What your Website's Design Says About You

For many, the first impression of your website can say a lot about the kind of person you are. After all, that’s all we really have to show people who we are online. (If you own a website of course)

For example, if you are labeling yourself as a designer in your portfolio, but use (or buy) a template, what does that make you? A designer should design his or her website, not use the work of others in their respective repertoires. So, what do others think of this?

Or, let’s look at it this way; you create websites. Lets say that the one chance you had to make an impression on someone was your website. Take these factors into consideration.

Load Time
What happens if you are using heavy images and uncompressed files? The site will take longer than usual to load. This can say that you are lazy, don’t know any better or don’t care. You should always make sure that you are saving your images for the web, and are compressing your CSS and HTML files.

Principles of Design
If your design is wacky and all over the place with colors that don’t match and no adherence to design elements, then people could think that you just don’t know what you’re doing. Color, proximity, and typography are all principles of design that can make a huge impact.

Themes and Templates
Keep in mind that you want to stand apart from the crowd. Yes, templates and themes are readily available on the web but that doesn’t mean that we should use them. I personally get a bad vibe when I visit a website that is using a theme that has clearly not been edited in any way, especially when people are supposed to show that they know what they are doing. On the other hand, too many people using a similar design may not register in a good manner with others as well.

Your Message
Also on the subject of templates, please make sure that you are sending out the right message. A dark blue and rugged design will give me the impression of sadness or something bad. This is because blue is a cool color. Cool colors like green, blue, and sometimes purple give off a sad impression. So, in other words — if you are trying to make people happy, don’t use negative colors just because it happens to be your favorite.

For example, if you are trying to give off the impression that you have a successful marketing business, don’t use something flowery just because you are an amateur gardener. You need to relate your design to your content.

User Interface and Interaction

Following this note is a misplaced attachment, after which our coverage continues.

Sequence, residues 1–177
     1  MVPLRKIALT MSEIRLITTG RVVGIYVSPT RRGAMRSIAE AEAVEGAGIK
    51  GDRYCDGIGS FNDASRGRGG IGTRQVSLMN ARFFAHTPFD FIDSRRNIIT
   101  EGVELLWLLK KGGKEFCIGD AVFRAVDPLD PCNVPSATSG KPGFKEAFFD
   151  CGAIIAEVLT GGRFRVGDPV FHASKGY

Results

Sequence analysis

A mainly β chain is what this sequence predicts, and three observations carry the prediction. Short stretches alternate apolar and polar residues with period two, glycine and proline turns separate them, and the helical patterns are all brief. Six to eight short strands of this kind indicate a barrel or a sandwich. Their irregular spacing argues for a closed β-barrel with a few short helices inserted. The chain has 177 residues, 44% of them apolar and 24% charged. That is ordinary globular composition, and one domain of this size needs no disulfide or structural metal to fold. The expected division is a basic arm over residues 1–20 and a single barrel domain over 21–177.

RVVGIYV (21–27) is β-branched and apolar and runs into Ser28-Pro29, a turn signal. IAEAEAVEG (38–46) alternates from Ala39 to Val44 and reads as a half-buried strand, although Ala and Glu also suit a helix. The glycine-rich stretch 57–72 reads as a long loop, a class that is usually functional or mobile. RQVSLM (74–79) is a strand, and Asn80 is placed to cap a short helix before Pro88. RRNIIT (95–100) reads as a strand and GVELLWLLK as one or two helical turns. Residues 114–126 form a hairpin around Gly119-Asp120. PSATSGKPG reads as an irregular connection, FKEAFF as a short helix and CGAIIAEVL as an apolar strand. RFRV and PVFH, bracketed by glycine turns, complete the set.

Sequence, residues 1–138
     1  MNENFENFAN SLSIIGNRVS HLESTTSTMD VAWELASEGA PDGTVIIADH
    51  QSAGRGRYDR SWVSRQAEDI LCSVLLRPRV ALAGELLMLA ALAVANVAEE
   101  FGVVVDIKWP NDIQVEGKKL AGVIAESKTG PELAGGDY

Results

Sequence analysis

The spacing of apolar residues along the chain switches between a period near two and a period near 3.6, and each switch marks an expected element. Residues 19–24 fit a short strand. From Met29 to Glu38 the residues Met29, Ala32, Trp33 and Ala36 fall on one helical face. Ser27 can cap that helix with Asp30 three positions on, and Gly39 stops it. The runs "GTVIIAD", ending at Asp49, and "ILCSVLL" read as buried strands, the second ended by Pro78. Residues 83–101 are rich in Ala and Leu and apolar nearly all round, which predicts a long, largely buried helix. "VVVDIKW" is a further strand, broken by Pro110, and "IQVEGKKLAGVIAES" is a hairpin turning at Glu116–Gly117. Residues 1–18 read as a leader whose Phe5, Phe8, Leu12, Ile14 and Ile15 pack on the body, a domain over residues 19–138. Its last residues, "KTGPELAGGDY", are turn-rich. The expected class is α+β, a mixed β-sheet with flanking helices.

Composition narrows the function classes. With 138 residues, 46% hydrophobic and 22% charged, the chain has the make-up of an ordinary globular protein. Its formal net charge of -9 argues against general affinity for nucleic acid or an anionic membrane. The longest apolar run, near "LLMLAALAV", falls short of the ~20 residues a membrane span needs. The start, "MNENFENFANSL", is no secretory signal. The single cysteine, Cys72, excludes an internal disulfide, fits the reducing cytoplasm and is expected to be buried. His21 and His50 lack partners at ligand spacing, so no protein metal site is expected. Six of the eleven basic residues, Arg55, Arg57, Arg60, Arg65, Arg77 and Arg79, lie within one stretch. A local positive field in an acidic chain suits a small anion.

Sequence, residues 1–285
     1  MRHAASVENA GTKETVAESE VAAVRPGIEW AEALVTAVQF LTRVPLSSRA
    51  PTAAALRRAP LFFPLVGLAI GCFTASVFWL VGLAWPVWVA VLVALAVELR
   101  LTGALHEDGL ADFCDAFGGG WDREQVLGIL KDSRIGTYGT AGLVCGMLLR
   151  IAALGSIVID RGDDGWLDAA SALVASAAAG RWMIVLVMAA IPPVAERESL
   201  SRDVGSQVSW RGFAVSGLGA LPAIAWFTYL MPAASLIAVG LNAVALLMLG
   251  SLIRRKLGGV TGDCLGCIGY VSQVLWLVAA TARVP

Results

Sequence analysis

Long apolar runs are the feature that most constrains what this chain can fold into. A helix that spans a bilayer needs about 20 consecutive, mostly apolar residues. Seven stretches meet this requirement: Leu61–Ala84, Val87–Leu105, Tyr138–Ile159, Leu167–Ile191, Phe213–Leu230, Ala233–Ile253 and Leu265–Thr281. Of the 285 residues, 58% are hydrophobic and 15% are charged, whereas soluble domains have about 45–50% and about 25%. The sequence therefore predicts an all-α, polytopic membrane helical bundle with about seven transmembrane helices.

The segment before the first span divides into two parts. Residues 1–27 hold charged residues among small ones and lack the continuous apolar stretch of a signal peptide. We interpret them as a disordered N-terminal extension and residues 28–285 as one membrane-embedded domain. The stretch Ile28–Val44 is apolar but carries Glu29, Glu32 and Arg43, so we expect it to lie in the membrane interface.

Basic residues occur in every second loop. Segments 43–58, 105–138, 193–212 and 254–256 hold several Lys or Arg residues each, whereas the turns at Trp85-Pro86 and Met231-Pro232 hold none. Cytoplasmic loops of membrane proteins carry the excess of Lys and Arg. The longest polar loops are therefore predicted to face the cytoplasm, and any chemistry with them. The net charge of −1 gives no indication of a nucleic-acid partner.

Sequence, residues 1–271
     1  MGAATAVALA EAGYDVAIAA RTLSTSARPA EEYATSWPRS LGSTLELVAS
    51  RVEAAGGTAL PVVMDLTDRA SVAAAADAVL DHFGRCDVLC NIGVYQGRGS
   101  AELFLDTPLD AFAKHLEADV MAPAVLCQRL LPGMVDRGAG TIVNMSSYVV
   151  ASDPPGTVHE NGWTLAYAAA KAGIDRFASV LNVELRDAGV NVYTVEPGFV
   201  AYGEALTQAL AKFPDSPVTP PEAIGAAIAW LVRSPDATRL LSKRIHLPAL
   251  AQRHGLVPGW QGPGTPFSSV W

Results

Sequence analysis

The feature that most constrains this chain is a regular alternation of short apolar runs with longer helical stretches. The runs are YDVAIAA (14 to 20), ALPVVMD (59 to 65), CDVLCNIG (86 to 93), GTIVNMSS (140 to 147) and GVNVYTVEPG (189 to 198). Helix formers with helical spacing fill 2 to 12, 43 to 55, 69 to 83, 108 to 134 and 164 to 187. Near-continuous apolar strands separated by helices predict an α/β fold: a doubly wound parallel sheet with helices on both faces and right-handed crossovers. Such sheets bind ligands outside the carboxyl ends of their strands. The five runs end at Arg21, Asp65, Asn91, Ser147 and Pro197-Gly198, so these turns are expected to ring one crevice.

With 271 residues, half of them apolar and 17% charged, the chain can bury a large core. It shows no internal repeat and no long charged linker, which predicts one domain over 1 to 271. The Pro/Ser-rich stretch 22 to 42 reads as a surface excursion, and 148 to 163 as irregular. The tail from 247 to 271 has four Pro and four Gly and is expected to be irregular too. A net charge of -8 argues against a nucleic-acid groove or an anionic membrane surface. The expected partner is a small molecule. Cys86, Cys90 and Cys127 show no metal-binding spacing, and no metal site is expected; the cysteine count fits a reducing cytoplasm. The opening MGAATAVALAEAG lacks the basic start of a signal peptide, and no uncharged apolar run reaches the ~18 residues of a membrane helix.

A website nowadays needs to be easy for all to see and use. For example, I just came across this website. It looked like it was designed many years ago. Why, you may ask? Because it’s design was really outdated. It reeked of the 90’s! The page width probably didn’t exceed 750 pixels and the font sizes were between 9-12px. Don’t forget the .gifs!

In the long run, websites need to appeal to the masses. A lesson that I learned long ago was that you need to set your text size to something other than 10px. Not everyone can attach themselves to the screen like you can. Not to mention that they probably don’t see as well either. What looks good to you may not look like that for others.

Also, don’t make your website ridiculously hard to use. Make things easy to find. Don’t use pop ups or sign ups or anything else that may be intrusive because people visit you for your content. If they can’t get to it then they won’t come back.

I wrote this to show you guys that the face of your website means everything. It’s a wake up call to you, (and me!) that others are watching your work, and in turn making judgments about you for it. I hope that this has taught you a thing or two, and that you use what you learn! My #1 goal on this blog is being able to help people! I love helping people, and when I hear that I helped one of you out, it really makes my day. Thanks for reading!

Photo Credit
7 years ago

2 Comments

  1. Excellent article! Taught me a thing or two lol I was actually going back and forth from the article to my site just to check πŸ˜‰

    To kind of go with what you were saying, that’s why I added a blog back to my site. I may not post about things going on in my personal life, but I think it’s helpful for your visitors to see what’s new or updated and to provide feedback.

    The hard part is identifying what your site’s purpose is. But once you can do that, then you can design it accordingly. And many bloggers are taking the time to customize the layouts and make them more personable. I worked on a blogger’s site and we used a template, but by the time I was done you could tell- just by looking at the site, exactly what it is used for. Overall, that’s what you want you site to convey.

  2. πŸ˜€ Glad that I could help πŸ˜‰

    And when I mentioned templates, I was thinking more of those wordpress themes that are hard to change around. But I think templates are great, just not all the time and for every website. But good for you :3

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